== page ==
Since the Taliban took over Afghanistan in 2021, Tehreek-i-Taliban Pakistan’s (TTP) rebellious activities and the extortion cases has increased in Pakistan.
Reportedly, The banned outfit group, TTP is extorting money from influential and wealthy people in Pakistan with numbers having a +93 code indicating an Afghan SIM card, according to Al Arabiya Post.
Since July, a provincial lawmaker of Pakistan has been frightened into sending the TTP sums totaling PKR 1.2 million and said, those who don’t pay have to face the consequences. Sometimes they throw a grenade at their door. Sometimes they shoot.”
An anonymous provincial lawmaker stated that he has been forced to dispatch over USD 5000 to the TTP. In another case, in October 2022, TTP demanded 8 million in Pakistani currency in ‘extortion’ from Khyber Pakhtunkhwa minister Atif Khan.
The letter he received appeared to be from TTP Mardan and claimed that Khan had been on ‘TTP Mardan’s Most Wanted List’ for quite some time and it was finally his turn. “You know who we are and what we want. We know you very closely and have all your data and records because you are on TTP Mardan’s wanted list and your turn has come,” read the letter, adding that in order to exit the list, the minister would have to fulfil their demands, or he would lose his life, reported Al Arabiya Post.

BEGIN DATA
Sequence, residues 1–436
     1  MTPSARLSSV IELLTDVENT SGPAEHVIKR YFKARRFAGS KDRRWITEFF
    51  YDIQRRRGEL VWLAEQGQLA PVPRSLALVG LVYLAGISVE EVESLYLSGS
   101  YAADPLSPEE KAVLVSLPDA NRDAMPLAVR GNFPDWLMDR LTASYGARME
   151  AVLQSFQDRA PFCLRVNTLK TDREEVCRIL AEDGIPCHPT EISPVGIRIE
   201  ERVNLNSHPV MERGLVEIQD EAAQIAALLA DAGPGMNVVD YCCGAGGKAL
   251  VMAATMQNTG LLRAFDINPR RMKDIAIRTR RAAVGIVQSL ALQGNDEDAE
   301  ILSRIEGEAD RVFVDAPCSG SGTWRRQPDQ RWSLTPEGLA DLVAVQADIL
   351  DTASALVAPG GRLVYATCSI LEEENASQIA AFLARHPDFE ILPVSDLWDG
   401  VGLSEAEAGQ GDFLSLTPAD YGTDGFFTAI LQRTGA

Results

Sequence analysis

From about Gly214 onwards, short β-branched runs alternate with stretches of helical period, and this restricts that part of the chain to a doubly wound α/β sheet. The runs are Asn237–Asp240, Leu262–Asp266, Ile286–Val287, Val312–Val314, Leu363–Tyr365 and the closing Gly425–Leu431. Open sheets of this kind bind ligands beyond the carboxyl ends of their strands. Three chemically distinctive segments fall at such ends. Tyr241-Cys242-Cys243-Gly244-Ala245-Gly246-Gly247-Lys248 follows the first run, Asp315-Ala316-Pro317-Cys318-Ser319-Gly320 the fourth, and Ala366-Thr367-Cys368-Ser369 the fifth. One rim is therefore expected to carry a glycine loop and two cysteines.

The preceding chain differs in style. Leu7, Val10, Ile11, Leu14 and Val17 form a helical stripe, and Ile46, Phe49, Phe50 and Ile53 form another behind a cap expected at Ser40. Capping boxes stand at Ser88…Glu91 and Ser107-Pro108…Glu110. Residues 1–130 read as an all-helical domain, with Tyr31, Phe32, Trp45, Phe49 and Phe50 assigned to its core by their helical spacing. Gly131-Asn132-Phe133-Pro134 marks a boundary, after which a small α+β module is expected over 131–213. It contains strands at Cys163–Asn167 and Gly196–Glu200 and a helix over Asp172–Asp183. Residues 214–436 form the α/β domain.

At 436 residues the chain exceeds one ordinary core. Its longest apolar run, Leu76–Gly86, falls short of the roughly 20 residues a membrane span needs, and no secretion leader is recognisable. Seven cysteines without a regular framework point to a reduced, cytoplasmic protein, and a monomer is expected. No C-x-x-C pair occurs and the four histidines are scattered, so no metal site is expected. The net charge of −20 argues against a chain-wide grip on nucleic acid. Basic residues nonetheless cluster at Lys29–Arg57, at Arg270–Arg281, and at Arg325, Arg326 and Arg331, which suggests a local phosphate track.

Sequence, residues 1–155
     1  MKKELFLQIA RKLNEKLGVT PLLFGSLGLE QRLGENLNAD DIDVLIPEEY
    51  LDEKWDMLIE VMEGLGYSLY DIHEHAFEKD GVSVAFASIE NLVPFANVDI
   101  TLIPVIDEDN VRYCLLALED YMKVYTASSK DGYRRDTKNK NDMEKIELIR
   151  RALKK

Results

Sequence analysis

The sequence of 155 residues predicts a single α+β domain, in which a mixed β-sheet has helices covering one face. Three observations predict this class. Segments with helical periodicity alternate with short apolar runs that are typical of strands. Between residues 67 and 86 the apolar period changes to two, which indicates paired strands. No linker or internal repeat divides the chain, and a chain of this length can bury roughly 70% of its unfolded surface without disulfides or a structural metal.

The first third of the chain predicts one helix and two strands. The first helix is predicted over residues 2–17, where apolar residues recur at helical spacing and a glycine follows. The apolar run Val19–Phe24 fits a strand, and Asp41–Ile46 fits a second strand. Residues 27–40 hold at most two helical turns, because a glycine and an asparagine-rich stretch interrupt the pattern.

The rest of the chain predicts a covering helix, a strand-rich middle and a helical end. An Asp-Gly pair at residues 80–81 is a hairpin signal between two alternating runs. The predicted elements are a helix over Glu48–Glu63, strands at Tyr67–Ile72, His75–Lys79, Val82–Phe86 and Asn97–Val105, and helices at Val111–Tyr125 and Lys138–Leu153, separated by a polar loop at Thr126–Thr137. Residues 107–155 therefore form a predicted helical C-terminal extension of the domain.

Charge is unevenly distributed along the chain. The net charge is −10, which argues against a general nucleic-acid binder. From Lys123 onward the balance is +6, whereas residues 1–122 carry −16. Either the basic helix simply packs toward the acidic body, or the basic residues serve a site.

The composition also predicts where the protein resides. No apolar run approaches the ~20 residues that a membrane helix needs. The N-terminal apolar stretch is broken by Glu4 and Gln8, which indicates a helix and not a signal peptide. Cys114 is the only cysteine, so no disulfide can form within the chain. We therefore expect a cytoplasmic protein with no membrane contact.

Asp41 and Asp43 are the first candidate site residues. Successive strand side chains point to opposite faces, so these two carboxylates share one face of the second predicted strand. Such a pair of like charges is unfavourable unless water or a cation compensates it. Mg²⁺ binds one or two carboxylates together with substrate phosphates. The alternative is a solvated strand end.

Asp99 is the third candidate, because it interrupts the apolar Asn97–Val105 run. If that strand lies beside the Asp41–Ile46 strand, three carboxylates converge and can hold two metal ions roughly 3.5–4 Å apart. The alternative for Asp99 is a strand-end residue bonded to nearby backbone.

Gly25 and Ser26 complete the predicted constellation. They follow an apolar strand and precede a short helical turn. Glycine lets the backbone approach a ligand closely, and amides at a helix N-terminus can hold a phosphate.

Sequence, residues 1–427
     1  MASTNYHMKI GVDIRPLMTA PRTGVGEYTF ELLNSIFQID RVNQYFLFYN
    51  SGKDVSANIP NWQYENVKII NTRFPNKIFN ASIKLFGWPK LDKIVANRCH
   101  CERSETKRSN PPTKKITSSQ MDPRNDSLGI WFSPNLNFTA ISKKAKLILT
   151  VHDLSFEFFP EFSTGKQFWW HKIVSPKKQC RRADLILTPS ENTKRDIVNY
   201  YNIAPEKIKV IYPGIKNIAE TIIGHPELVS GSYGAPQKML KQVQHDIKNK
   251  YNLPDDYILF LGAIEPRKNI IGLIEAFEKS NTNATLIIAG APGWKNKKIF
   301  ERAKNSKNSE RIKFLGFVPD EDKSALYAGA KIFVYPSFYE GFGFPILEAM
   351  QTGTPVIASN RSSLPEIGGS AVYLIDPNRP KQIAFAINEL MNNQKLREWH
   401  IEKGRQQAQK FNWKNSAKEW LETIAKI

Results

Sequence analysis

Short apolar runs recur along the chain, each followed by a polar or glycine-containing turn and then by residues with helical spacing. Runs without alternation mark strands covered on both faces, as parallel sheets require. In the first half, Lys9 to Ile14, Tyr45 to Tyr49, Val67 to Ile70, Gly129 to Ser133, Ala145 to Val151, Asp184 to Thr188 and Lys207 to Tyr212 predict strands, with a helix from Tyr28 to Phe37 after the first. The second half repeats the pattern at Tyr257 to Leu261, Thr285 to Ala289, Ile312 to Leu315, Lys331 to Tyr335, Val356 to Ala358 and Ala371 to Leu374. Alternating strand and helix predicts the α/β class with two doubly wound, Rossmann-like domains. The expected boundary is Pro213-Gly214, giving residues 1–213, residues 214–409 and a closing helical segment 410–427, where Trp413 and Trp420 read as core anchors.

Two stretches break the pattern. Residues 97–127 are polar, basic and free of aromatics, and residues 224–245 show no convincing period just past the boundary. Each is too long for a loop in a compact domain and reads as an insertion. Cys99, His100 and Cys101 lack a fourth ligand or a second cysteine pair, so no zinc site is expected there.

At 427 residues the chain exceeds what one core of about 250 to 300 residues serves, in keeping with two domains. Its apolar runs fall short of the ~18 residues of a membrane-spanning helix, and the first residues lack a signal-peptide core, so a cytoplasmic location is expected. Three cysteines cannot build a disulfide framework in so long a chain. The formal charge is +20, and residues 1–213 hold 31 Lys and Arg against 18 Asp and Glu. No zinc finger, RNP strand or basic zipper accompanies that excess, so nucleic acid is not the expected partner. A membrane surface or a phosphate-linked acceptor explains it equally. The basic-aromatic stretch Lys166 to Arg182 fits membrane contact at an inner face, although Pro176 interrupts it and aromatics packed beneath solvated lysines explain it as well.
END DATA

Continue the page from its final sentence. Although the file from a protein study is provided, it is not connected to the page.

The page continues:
On November 26, the SWAT community activist Ahmad Shah stated that they had started the “old game” like target killing, bomb blasts, kidnappings — and making calls for extortion.
Meanwhile, provincial lawmaker Nisar Mohmand estimates that 80 to 95 per cent of well-off residents in nearby Swat districts are now blackmailing victims. The extortion sum payable is then well distributed, usually through an intermediary, before it is sent to the TTP fighters whose presence haunts the mountains of Khyber Pakhtunkhwa (KP).
The TTP was largely routed, their fighters fleeing to Afghanistan, especially in the provinces of Nangarhar and Kunar where they were hunted by US-led forces. With Afghanistan back under Taliban rule, it has become an “open shelter” for the TTP.
The threats of TTP are not empty. If traders refuse to pay extortion fees, the militants place small bombs near their homes to scare them into yielding to their financial demands. If they continue to refuse, militants either kill them in public or bomb their houses. And traders are not the only targets: doctors, parliamentarians, and shopkeepers from religious minorities in Peshawar have been extorted, forcing them to either pay costly fees or relocate.
The terrorists usually demand between 1 million to 10 million Pakistani rupees (around USD 5,800 and USD58, 000 respectively). Unfortunately, the inconsistency of Pakistan’s judicial system and its hollowness is not helpful for them, reported Al Arabiya Post.
Recently, on November 28, TTP called off a shaky ceasefire with the government and ordered fighters to stage attacks across the country.
According to the TTP statement, they called off the ceasefire agreed with the government in June, reported Dawn. (ANI)